How Much Road Can a Single NBN Build?

So Tony Abbott wants to take the money that will be allocated to the National Broadband Network (NBN) over the next 10 years – ($35b) – and “build some roads”?

Interesting. Possibly – (and almost certainly) – quite useful.

Shall we have a look at just how much road a single NBN-sized chunk of funding might actually build?

Well, just how much is actually quite difficult to answer.

Complex solutions where federal, state, and local government contributions are often part of funding a single road project make it almost impossible to scrape all the figures into a truly accurate amount.

So what to do?

Well, since the NBN will be federally funded, lets see if we can find out how much federal money is put into road funding each year.

Table number five in this report gives us a figure of $13.9b for the financial year 2007-2008. Quite a lot of coin, but we now have a base line to work from.

Next, I figure we need to ask how much money does it take to build/rebuild a kilometre of road?

There is undoubtedly a lot of variation around, so lets look at few different road projects, and see if we can come up with an average.

First, how about the Geelong Ring Road, a $1.3b project to build a brand new 26km long freeway, where no previous road existed? That is about $50m per kilometre.

Next up, we have the Breakwater Road Project, also in the Geelong area, which sees the realignment of 1.3km of a major arterial road, which includes a significant bridge over the Barwon River, costing $63m. For this project, we see $48.4m per kilometre.

For the upgrade of an existing highway, we will take a look at the recently contentious Oxley Highway Upgrade near Port Macquarie in New South Wales. A 6km stretch is being upgraded for $158m, or about $23.6m per kilometre.

Finally, for the upgrade of a major freeway, namely the M80 in Melbourne. Approximately 38km of freeway is being heavily upgraded for $2.25b. This tips the scales at $59.2m per kilometre.

Across these quite different road projects, the average cost per kilometre – (71.3km, costing $3.77b) – comes to $52.88m per kilometre of roadway built or upgraded.

So the funds for a single NBN – ($35b) – redirected at road funding might see around 661km of road built or upgraded.

Sounds like a lot.

In fact, it is a lot of road – there is no doubt about that.

But…

…the NBN is spread over approximately 10 years, and while the spread of funding will not be the same across each year of the project, only about $3.5b per year on average goes towards it.

That is just 66.1km of road.

Now, I’m not going to say that 66.1km of road isn’t significant, but suddenly it doesn’t sound quite so impressive.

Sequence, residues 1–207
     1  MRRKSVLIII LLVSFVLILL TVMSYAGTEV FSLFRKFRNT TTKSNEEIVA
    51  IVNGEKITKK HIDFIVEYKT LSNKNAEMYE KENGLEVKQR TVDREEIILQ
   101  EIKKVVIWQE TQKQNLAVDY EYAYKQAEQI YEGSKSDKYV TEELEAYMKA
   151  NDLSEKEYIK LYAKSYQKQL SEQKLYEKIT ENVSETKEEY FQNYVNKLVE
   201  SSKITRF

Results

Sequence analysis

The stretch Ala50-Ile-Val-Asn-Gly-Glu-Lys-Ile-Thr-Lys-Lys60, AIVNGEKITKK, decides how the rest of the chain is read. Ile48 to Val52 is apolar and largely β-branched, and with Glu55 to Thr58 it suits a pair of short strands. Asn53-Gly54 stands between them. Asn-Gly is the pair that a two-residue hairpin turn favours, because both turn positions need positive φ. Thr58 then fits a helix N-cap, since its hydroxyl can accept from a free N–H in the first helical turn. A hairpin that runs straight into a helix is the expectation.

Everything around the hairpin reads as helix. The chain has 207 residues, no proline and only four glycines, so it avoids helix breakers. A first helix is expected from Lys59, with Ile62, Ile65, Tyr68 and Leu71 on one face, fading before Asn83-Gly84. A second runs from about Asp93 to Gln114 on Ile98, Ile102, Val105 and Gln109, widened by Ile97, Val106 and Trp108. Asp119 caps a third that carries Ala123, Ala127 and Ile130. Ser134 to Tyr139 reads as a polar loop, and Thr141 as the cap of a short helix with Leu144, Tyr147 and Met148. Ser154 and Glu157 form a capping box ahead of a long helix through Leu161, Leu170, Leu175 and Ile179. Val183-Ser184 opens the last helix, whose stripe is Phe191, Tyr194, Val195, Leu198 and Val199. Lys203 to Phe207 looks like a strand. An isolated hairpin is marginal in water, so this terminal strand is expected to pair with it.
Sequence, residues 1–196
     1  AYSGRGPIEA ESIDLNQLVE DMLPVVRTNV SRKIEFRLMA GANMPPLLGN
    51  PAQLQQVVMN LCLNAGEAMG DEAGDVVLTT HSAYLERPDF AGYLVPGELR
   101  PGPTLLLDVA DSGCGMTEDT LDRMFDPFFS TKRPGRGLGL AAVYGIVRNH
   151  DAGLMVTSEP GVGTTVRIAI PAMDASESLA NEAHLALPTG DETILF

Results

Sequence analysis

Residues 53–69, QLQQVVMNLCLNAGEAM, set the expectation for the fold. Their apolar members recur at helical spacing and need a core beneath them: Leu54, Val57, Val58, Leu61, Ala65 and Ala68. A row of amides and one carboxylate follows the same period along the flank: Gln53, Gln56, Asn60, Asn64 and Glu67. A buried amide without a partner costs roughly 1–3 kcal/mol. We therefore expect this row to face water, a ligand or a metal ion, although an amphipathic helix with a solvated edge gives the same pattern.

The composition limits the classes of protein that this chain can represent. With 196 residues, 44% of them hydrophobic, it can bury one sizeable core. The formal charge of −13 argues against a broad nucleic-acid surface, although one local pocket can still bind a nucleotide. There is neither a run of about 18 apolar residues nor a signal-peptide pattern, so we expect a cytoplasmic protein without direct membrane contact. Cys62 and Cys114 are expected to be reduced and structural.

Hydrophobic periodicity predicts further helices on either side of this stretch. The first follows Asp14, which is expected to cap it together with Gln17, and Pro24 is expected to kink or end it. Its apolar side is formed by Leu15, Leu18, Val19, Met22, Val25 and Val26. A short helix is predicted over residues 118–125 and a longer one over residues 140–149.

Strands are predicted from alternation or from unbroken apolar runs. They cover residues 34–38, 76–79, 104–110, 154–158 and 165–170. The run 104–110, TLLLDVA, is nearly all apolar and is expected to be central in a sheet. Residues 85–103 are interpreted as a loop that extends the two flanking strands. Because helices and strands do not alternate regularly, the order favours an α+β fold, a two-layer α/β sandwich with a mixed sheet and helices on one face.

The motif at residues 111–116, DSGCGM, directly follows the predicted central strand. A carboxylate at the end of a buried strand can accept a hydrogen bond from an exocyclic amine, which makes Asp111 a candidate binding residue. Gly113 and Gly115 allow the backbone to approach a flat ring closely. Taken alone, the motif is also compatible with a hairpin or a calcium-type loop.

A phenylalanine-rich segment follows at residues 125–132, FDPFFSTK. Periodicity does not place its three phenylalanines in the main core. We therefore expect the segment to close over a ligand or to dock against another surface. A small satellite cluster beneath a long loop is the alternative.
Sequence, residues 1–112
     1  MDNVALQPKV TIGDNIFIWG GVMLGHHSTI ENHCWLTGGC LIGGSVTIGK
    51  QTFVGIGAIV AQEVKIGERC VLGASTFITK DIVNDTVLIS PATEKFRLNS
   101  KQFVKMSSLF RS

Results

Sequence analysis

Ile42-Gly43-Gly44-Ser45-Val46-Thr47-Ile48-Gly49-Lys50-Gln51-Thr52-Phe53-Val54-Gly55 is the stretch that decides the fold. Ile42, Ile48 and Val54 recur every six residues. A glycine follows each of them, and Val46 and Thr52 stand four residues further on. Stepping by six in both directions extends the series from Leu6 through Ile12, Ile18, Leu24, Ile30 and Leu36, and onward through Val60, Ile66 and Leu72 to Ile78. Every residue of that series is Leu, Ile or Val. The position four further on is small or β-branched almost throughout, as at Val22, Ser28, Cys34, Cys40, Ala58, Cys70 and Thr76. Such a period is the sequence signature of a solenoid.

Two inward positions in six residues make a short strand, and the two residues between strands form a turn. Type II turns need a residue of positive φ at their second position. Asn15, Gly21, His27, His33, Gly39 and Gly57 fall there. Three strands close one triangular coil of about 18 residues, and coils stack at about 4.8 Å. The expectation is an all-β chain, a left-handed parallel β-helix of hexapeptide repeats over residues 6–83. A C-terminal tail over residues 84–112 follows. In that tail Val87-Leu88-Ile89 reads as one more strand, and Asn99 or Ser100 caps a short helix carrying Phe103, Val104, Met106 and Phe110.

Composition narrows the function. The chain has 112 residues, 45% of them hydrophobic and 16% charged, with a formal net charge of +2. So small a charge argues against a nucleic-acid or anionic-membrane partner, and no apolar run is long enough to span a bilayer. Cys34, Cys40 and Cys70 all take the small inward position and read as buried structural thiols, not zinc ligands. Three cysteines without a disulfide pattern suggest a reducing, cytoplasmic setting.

Assuming roughly the same amount of money is allocated by the federal government to road funding over 10 years – (this is not the case, the table clearly indicates the amount is steadily growing in real terms) – across the life of the NBN build, $139b will be allocated to road funding.

That’s 2,629 kilometres of road, versus the 661 kilometres that redirected NBN funds might be able to deliver.

Now, one can argue that 661 extra kilometres of new or upgraded roads is a good thing – and it is.

However, in conclusion, ask yourself how much of the $139b likely to be allocated – (at least) – to road funding in the next 10 years will the government recoup?

How many dollars will directly return to government coffers?

Almost none. There will certainly be significant economic benefits from having all that new and upgraded road out there, but having the NBN out there will deliver great benefit to the economy also.

The difference is, the money spent on it will return at the rate of at least $24 per subscriber, per month. At some point, all the money will come back.

How long that takes is a point of some debate – but remember, the road funding isn’t coming back at all.

Suddenly, spending $35b on a revolutionary telecommunications solution for Australia that will see us through for around 50 years, doesn’t seem like such a bad idea.

Does it?

[CAVEAT: Obviously, there will be some element of error in the cost per kilometre calculations in this post – obviously every single road project is different, and will include many different factors affecting cost. Including EVERY road project as part of these calculations is difficult. The comparison however is definitely an interesting one.]

  • Anonymous

    With the NBN people can work effectively from HOME, therefor we will need LESS roads, simple logic really!.

    • Another perfect valid position. One of the links to another of my posts makes a point to that end.